Moroccans risking their lives scraping coal from abandoned mines have listened to local officials, the mining ministry and a close royal ally since they began protesting five weeks ago. Now some want the king to intervene.
“When they closed the mines they offered us new jobs and compensation but nothing has happened,” said a former miner Jerada who declined to be named, fearing reprisal.
“We will keep protesting until our lives improve.”
The miners have been left behind by the economic liberalisation that won plaudits from the International Monetary Fund at a regional conference in Marrakech this week headlined “Opportunity for all”.
King Mohammed VI, the ultimate power in Morocco, lifted living standards in urban and coastal areas and raised the country’s profile abroad, rolling out investment in Ivory Coast and other sub-Saharan countries.
But public dissatisfaction is growing in poor areas at a time when government is implementing currency reforms and cutting subsidies to drive economic growth.
The Jerada protests have found common cause with dissent that has rumbled since 2016 in the Rif, also in the north, both groups spurred by the deaths of men desperate trying to make ends meet.
They are a far cry from the mass protests which rocked the North African country in 2011 when uprisings ousted rulers in Tunisia, Egypt and Libya, but pose a challenge to a constitutional monarchy in which the king has far-reaching powers.
Stability in Morocco is important for Western governments as it is the only country in North Africa where jihadist groups have failed to gain a foothold. Rabat is also a key intelligence-sharing partner on Islamist militancy.
At least 10 million people visit its beaches and cities each year, some of them switching from Egypt and Tunisia after political turmoil and militant attacks.
Marrakech, an ancient city, is bustling with tourists and new buildings have gone up in the commercial centre Casablanca and capital Rabat, the changes have bypassed rural areas like Jerada in the remote north-east.
Protests there swelled in late December after two brothers drowned scavenging coal deep underground: one of them hacked through into a water well, flooding the shaft.
On Thursday, another miner in his early 30s was killed when a shaft collapsed, the interior ministry said. Activists issued a renewed call for protests.
Residents say the town has been neglected since the mines closed some 20 years ago and tensions with Algeria shut the nearby border at around the same time.
The miners say they sell a bag of coal for between 60 and 80 dirham ($6.5-$8.7) to traders who pass it on for 600 dirham to restaurants, hotels and public baths.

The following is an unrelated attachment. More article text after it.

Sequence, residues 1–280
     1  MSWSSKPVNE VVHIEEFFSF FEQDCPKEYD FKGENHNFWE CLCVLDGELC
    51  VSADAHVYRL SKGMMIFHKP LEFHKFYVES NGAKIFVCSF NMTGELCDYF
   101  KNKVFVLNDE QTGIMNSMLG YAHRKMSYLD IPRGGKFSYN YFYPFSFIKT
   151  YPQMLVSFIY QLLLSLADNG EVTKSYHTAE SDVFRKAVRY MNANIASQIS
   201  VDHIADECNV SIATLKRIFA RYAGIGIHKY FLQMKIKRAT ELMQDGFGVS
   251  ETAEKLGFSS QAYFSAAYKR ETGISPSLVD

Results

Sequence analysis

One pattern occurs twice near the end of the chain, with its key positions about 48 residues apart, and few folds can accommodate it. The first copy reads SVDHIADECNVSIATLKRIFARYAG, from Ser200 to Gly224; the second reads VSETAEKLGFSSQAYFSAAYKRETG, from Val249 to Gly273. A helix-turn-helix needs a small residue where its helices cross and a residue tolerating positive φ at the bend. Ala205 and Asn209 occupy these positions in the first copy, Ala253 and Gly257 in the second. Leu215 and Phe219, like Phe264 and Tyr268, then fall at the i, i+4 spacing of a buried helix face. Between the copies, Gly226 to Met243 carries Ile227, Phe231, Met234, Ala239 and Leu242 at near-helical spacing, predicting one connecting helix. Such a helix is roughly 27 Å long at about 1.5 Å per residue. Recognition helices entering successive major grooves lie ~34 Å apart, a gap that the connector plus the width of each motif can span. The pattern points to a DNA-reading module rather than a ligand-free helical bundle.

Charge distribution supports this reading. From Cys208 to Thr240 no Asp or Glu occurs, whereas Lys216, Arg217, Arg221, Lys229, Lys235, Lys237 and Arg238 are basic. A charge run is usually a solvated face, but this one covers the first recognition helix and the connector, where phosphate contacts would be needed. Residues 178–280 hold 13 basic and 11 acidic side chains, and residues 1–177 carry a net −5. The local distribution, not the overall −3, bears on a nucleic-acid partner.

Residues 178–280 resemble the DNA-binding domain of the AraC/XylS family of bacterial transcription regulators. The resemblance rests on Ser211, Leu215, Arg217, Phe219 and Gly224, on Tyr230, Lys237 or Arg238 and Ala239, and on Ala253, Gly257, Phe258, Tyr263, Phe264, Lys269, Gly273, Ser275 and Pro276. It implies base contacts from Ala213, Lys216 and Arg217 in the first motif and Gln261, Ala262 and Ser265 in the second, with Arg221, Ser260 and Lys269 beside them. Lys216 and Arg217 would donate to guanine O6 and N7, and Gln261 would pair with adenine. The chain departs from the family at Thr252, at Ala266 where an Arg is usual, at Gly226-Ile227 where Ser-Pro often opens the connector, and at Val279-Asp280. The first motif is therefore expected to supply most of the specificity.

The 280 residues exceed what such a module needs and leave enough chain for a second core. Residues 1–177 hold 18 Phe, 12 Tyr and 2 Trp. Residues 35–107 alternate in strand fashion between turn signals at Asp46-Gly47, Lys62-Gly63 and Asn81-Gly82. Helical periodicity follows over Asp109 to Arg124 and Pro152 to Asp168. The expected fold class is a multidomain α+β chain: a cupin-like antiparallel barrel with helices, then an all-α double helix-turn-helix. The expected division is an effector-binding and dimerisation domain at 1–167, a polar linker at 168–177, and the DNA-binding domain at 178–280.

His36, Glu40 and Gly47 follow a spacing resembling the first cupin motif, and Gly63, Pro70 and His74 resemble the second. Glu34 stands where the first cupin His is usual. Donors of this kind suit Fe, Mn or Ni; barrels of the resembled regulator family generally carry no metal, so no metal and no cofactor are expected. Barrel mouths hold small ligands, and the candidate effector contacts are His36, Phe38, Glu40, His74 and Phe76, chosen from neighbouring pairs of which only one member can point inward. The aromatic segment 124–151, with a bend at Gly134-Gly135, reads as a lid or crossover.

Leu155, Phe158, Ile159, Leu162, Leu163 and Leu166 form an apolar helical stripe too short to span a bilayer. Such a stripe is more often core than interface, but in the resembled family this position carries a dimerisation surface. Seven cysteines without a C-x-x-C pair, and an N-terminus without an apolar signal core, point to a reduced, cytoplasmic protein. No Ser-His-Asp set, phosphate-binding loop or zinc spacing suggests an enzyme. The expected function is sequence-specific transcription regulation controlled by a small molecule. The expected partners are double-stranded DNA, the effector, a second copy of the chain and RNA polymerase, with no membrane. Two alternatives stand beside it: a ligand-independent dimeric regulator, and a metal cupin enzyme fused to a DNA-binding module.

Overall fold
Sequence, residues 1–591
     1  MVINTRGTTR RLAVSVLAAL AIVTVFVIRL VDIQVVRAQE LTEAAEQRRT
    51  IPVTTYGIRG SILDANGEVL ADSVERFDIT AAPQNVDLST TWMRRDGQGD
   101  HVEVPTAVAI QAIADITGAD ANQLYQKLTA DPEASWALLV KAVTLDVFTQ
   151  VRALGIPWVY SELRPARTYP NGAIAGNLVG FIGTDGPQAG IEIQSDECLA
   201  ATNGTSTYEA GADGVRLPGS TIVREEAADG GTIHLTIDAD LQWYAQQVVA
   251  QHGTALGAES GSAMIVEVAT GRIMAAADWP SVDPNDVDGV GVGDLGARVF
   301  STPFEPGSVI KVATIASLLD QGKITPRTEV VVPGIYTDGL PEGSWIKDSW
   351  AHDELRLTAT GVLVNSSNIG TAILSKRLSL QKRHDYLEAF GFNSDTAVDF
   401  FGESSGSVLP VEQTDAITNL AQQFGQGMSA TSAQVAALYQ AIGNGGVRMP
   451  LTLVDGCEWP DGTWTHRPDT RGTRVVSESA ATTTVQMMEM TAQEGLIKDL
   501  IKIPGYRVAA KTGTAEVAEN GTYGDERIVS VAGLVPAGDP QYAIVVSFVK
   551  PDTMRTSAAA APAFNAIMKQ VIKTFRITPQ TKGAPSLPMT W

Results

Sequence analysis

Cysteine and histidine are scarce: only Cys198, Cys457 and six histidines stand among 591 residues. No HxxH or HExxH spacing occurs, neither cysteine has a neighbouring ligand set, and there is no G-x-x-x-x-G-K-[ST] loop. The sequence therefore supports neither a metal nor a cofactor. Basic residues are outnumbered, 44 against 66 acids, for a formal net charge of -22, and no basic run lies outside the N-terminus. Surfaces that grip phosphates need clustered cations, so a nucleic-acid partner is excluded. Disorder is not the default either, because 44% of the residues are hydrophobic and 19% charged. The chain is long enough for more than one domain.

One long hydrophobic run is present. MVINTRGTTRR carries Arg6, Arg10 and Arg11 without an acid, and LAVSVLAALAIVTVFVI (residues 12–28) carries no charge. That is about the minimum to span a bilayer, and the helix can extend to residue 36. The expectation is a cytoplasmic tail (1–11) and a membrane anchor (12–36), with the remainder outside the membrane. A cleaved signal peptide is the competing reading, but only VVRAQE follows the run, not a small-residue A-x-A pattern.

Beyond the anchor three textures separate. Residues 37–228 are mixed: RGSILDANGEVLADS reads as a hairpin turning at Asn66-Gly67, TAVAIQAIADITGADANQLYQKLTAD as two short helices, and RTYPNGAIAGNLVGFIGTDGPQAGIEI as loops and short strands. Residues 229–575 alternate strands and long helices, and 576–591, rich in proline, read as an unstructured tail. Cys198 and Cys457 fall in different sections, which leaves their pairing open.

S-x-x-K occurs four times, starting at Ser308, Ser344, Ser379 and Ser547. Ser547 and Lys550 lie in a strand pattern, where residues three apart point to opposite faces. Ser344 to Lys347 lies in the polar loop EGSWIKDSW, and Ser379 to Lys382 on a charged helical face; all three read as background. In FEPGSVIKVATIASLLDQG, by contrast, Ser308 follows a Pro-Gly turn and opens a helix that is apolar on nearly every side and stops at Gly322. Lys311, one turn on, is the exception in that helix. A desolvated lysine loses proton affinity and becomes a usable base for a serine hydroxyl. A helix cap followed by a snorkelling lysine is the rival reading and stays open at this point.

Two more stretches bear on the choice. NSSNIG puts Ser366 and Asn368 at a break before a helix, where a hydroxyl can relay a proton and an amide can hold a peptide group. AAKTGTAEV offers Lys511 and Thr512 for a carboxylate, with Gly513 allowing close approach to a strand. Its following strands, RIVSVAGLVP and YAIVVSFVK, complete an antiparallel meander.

“Influential people exploit the miners, who have no other jobs and officials know about this,” said Abdelwahab Hoummani, an activist in Jerada. “We demand jobs, development and prosecution of corrupt people.”
The mining ministry was not immediately available to comment, but Mining Minister Aziz Rabbah earlier said the state “reacted positively” to the town’s demands and a commission was paying out compensation for closed mines.
Protests were underway against high electricity bills before the miners’ deaths and Jerada residents say they will continue, even though dozens of leaders and members of the protest movement in Rif, Hirak al Chaabi, are now on trial.
Police have set up checkpoints to monitor movements to and from Jerada, where residents say miners gather every week in the main square to demand state aid and alternative jobs.
Some shout “Hirak, Hirak”, social media posts show, in solidarity with Rif, where protests began after a man was crushed to death in a rubbish truck trying to retrieve fish caught illegally and thrown away by police.
No-one at the demonstrations calls for overthrowing the king, who heads the Muslim world’s longest continuing dynasty.
Many Moroccans are wary of the instability rocking Libya and other parts of the region and criticise government and the king’s entourage rather than the monarch himself.
Government is investing in tourism, with a new airport for the main north-eastern city Oujda, 60 km from Jerada, to bring tourists to new nearby coastal resorts.
It announced auto industry projects worth 1.23 billion euros ($1.54 billion) in December and hopes currency reform will boost investment and help growth reach 3.4% this year, after four percent last year, when agricultural output was better.
Manufacturing jobs have been created, but not enough for a growing population and many young Moroccans sought work abroad.
The king called for more development, fired top officials in October after a state agency found inequality and sent a close ally, Agricultural Minister Aziz Akhenouch, to Jerada late in January to talk to angry residents.
Akhenouch, one of Morocco’s richest men, announced agricultural investments worth around 28 million dirham ($8 million), local media said, but protests resumed the next day.
“The king is probably the only one who can solve this,” said Hoummani, the activist.
Geoff Porter from North Africa Risk Consulting said government would find it hard to stick to its market liberalisation without alienating the rural poor.
At the Marrakech conference, Prime Minster Saad Eddine El Othman said government was rolling out programmes to remove inequalities.
Abdelghani Ajjani from a Jerada commission negotiating with authorities was yet to be convinced. “Government has made the same promises they made when closing the mines,” he said. “There are people here who think the king should visit Jerada.”